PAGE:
Sermons

5/5/19 Sermon: Not Done Yet

Sunday, May 5, 2019
St. John’s Lutheran Church, Schuyler, NE
Third Sunday of Easter
Preacher: Pastor Day Hefner

Our gospel reading for this morning picks up right on the heels of the gospel reading we read last week, which is actually kind of odd.  Last week, we read the story of “doubting” Thomas from John 20, a story that ends with Jesus saying, “Blessed are those who have not seen and yet have come to believe.”  John then goes on to write,

Now Jesus did many other signs in the presence of his disciples, which are not written in this book. But these are written so that you may come to believe that Jesus is the Messiah, the Son of God, and that through believing you may have life in his name.

Now, that really sounds like it’s the end of the story, doesn’t it?  It sounds like it should be the end of the book of John.  All it’s missing is “and they lived happily ever after, the end.”  So it’s kind of surprising then to turn the page and realize that John actually goes on for a whole other chapter.

Chapter 21 of John is almost like an epilogue to the rest of the gospel.  John shows us one more post-resurrection appearance of Jesus.  Only this time, instead of quickly disappearing, Jesus invites his disciples to sit down with him to enjoy a nice breakfast on the beach.  It’s easy to imagine that they had lots of questions to ask him.  And we see over the course of this story that there are some loose ends that still need to be tied up.  For starters, the disciples don’t really seem to have a clue what to do next now that Jesus has been raised from the dead.  And after all that has happened, some of his followers have been left in kind of a rough place.  We saw how Thomas had the chance to reconcile with Jesus after his experience of doubt. But Peter, on the other hand, has not really had that opportunity.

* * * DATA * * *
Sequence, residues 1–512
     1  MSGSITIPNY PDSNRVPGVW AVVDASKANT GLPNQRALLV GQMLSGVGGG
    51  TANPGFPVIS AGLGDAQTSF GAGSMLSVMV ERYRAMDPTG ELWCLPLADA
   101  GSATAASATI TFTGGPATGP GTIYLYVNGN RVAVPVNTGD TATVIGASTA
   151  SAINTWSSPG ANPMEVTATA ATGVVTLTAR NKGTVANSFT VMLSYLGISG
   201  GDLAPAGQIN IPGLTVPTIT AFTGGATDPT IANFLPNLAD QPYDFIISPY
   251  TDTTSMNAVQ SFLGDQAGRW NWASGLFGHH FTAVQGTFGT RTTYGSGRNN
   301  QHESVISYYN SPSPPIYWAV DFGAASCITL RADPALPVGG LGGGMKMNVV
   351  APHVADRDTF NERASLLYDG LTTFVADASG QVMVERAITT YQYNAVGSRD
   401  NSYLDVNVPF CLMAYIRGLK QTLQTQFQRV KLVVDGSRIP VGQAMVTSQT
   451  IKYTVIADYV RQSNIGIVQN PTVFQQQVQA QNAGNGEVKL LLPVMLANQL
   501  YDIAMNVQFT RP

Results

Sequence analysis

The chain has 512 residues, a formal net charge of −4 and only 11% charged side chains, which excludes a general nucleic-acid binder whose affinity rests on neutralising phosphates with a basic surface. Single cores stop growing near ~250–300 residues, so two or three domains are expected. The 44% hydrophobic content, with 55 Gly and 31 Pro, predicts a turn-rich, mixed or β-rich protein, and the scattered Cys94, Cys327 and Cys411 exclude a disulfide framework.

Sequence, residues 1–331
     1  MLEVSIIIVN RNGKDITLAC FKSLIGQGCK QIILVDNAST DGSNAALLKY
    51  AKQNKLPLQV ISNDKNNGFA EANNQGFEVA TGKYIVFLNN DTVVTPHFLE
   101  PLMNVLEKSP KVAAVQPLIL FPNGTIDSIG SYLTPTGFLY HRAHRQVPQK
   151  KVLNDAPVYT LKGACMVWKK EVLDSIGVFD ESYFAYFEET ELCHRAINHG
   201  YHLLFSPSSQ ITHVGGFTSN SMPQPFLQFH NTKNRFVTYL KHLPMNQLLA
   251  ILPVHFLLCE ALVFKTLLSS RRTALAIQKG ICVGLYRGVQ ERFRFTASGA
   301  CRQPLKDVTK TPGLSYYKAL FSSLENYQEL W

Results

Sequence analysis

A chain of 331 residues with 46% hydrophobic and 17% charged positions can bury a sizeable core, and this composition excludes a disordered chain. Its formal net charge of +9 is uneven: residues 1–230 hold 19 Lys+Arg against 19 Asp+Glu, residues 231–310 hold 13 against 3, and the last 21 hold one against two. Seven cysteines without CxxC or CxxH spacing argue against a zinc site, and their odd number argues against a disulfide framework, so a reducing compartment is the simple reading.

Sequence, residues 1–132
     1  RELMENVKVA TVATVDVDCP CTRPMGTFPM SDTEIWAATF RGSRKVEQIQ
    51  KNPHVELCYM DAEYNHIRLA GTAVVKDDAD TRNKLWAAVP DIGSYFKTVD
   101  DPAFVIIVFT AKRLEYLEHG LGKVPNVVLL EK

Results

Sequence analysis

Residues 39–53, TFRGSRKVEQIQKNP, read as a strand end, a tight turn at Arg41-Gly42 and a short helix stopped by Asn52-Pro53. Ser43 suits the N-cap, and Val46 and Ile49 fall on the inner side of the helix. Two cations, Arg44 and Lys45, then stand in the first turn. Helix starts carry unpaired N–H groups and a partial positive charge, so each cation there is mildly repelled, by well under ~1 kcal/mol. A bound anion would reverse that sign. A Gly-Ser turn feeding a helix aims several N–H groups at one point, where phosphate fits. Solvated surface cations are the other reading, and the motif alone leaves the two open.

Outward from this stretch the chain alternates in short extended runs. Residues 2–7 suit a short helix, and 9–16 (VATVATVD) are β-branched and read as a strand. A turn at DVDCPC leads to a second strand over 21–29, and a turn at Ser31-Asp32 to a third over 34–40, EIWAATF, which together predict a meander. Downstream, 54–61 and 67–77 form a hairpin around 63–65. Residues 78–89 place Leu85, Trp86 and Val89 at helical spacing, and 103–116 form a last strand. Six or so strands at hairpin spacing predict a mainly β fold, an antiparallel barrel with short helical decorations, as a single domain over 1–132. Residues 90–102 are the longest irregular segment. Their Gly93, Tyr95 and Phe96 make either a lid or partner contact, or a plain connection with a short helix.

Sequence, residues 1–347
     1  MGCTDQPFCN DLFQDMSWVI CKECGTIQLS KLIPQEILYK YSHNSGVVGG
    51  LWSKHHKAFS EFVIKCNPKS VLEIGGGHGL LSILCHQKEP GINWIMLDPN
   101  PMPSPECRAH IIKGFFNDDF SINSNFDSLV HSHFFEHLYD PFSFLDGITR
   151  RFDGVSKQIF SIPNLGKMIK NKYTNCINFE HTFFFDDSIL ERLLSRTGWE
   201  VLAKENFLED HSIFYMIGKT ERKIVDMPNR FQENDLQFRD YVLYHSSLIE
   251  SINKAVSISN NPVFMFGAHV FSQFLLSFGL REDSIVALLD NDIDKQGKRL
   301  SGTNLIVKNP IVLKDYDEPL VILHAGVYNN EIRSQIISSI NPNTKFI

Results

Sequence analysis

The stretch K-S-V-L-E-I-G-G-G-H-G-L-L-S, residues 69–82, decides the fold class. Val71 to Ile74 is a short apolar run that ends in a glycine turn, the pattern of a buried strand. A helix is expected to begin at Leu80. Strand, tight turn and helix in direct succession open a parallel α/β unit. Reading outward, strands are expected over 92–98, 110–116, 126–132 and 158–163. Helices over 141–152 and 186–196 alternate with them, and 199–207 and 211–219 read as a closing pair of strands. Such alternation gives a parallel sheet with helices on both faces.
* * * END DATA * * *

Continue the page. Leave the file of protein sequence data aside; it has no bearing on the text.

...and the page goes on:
Peter’s ears surely still echoed with the sound of that rooster crowing.  His heart was still heavy with guilt for having denied even knowing Jesus not just once, but three times.  So when he heard the news that Jesus might have actually risen from the dead, he was the first to run to see for himself whether it was really true.  But this is the first time he’s actually gotten the chance to sit and talk with Jesus.  And the words that Jesus has for him sting.  He says to Peter, “Simon, son of John, do you love me?”  This is the confrontation that Peter has probably been dreading.  And he responds to Jesus, “Yes Lord; you know that I love you.”  Jesus asks him again, a second time and a third time, “Simon, son of John, do you love me?”  And each time, Simon Peter responds the same way, finally crying out, “Lord, you know everything; you know that I love you!”

And maybe Peter realized in that moment what Jesus was doing – or maybe it didn’t fully sink in until later – but each time Jesus asks him that question, he gives Peter a chance to give the right answer to the question he had gotten so wrong three times before. Jesus knows Peter loves him.  And he knows that Peter will even one day die for him.  And so he charges Peter – along with the other disciples – to tend his flock, to carry on his mission and be his witnesses.